That little town encircled round with many’s the grove and hill
Where lads and lassies they do meet for pleasure there’s the rule
Through Springhill Braes and flowery fields where oft I’ve wandered o’er
And by my side was the girl I loved the rose of Moneymore

How lonely is the pigeon’s coo and sad the blackbirds lay
And loud and high the thrushes cry on a long bright summer’s day
And as I sat down to cry me fill sure the tears come trickling down
For in the morning I must leave you my own dear native town
Kind friends I’ll bid you all adieu I can no longer stay
Our big ship sails tomorrow and its time I was away
So fill your glasses to the brim and toast with one loud roar
And we’ll sing in praise of Springhill Braes and lovely Moneymore

Outlaw Frank Gardiner 
 Well Frank Gardiner he is caught at last he lies in Sydney gaol
 For wounding Sergeant Middleton and robbing the Mudgee Mail
 For plundering of the gold escort the Carcoar Mail also
 And it was for gold he made so bold and not so long ago
 His daring deeds surprised them all throughout the Sydney land
 And on his friends he paid a call and he quickly raised a band
 And fortune’s always favoured him until that time of late
 Until Ben Hall and Gilbert met with their dreadful fate
 Young Vane he has surrendered Ben Hall’s got his death wound
 And as for Johnny Gilbert near Binalong was found
 He was there with Dunn they were on the run when the troopers came in sight
 Dunn wounded ran but the other man got slaughtered in the fight
 Farewell, adieu to outlaw Frank, he was the poor man’s friend
 The government has secured him for it’s laws he did offend
 He boldly stood his trial and he answered with a breath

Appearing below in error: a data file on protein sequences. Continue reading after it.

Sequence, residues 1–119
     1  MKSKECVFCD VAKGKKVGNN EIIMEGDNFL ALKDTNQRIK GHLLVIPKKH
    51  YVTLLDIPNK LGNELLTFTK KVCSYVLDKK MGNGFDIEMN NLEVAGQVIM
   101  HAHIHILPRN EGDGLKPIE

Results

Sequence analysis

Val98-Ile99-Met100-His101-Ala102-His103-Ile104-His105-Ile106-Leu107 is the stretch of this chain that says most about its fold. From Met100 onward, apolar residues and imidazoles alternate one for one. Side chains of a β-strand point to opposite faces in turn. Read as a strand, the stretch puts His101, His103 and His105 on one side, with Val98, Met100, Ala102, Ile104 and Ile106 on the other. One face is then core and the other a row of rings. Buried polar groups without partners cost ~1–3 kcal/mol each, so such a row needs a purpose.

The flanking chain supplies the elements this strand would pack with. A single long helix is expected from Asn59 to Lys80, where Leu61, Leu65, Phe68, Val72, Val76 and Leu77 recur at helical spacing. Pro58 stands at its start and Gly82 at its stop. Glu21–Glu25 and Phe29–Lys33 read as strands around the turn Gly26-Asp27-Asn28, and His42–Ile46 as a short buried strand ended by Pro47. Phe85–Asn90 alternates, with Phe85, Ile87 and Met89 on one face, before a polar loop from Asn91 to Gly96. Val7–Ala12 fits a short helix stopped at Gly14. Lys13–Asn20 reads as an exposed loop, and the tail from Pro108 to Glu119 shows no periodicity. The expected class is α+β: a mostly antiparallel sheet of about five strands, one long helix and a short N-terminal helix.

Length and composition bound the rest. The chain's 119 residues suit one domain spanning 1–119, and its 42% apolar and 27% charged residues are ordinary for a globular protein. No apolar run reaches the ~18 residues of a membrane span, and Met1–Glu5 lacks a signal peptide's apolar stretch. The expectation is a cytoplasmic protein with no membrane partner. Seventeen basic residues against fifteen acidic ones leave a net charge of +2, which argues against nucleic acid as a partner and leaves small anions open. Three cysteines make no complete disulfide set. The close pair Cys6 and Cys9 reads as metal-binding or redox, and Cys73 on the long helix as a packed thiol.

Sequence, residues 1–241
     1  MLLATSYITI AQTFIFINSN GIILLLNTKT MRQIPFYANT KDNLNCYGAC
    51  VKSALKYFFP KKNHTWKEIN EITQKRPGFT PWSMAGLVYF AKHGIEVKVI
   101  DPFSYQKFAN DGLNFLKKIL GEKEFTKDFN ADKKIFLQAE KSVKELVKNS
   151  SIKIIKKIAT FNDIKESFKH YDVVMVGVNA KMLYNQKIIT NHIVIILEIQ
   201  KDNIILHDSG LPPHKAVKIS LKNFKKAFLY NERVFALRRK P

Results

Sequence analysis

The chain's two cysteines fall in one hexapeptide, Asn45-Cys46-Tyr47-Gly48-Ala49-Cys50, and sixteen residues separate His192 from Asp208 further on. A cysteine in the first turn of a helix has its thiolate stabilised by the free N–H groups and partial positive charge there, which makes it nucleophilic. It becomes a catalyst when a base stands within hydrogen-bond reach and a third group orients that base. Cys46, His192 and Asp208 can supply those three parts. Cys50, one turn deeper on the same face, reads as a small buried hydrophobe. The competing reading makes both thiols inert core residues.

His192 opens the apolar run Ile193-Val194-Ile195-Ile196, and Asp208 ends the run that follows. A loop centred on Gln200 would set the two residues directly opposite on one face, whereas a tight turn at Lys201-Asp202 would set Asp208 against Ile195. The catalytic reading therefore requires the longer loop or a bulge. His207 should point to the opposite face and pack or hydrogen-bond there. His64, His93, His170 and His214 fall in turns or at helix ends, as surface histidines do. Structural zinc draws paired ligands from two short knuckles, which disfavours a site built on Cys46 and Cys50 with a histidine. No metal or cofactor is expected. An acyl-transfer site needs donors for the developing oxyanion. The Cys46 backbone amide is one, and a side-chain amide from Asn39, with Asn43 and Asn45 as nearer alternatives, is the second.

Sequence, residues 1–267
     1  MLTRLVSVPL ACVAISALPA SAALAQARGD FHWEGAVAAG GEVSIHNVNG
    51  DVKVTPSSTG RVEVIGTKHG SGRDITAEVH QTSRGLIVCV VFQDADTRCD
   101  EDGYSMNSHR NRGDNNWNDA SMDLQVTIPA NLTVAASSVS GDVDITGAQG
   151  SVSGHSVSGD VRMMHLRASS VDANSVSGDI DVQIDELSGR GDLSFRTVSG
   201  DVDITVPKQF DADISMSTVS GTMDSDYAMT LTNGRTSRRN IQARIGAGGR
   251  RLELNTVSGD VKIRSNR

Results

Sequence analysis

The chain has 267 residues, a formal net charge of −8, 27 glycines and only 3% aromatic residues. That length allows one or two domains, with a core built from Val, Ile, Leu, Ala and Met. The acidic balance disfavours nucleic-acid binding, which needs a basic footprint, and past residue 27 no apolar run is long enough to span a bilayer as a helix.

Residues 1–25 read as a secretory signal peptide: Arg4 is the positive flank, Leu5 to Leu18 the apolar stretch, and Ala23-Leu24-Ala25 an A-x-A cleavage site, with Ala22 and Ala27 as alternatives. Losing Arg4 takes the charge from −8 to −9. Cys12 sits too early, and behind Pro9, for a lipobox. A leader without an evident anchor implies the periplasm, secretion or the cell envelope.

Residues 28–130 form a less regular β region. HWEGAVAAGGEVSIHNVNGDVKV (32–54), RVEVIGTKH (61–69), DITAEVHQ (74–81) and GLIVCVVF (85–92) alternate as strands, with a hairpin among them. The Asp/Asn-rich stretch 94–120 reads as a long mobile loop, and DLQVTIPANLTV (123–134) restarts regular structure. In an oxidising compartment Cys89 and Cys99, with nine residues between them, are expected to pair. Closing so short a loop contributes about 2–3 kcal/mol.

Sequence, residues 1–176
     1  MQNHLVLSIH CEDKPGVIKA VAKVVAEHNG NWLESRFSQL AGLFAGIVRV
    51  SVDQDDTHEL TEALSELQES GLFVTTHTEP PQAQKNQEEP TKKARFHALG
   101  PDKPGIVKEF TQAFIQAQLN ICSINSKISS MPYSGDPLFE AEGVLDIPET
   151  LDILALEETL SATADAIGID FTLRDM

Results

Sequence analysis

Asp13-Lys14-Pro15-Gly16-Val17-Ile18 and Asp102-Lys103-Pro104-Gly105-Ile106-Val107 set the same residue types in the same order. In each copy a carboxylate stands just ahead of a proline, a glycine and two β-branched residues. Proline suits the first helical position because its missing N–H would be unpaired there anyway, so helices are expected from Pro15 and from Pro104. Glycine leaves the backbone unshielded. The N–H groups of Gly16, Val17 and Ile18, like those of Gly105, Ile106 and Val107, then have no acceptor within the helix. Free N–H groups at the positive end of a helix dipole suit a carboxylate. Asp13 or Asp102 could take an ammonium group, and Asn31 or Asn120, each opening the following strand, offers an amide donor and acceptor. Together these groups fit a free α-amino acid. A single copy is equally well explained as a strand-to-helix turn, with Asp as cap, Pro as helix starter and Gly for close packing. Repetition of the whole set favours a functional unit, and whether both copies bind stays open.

Do what you will you can but kill, and I have no fear of death
 Day after day they remanded him, escorted from the bar
 Fresh charges brought against him from neighbours near and far
 And now it is all over and the sentence they have passed
 All sought to find a verdict and ‘guilty’ was at last
 When lives you take a warning boys no woman ever trust
 She will turn round I will be bound, Queen’s evidence the first
 He’s doing two and thirty years, he’s doomed to serve the crown
 And well may he say, he rues the day he met with Kitty Brown

 He Fades Away
 There’s a man in my bed I used to love him
 His kisses used to take my breath away
 There’s a man in my bed I hardly know him
 As I wipe his face and hold his hand
 And watch him as he slowly fades away
 Chorus:
 He fades away
 Not like leaves that fall in Autumn
 Turning gold against the grey
 He fades away
 Like the blood stains on the pillow case
 That I wash every day
 He fades away
 There’s a man in my bed he’s on a pension
 Although he’s only fifty years of age
 And the lawyers say we might get compensation
 In the course of due procedure
 But they wouldn’t say for certain at this stage
 Chorus
 He’s not the only one
 Who made the trip so many years ago
 To work the Wittenoom mine
 So many young men old before their time
 And dying slow they fade away
 Wheezing bags of bones
 With lungs half clogged and filled with clay,
 They fade away
 There’s a man in my bed nobody told him
 The cost of bringing home his weekly pay
 And when the courts decide how much they owe him
 How will he spend his money
 As he lies in bed and coughs his life away
 Chorus
 There’s a man in my bed I used to love him
 His kisses used to take my breath away
 There’s a man in my bed I hardly know him
 As I wipe his face and hold his hand
 And watch him as he slowly fades away.

Farewell to Kellswater 
 Here’s a health to you bonny Kellswater, where you’ll get all the pleasures of life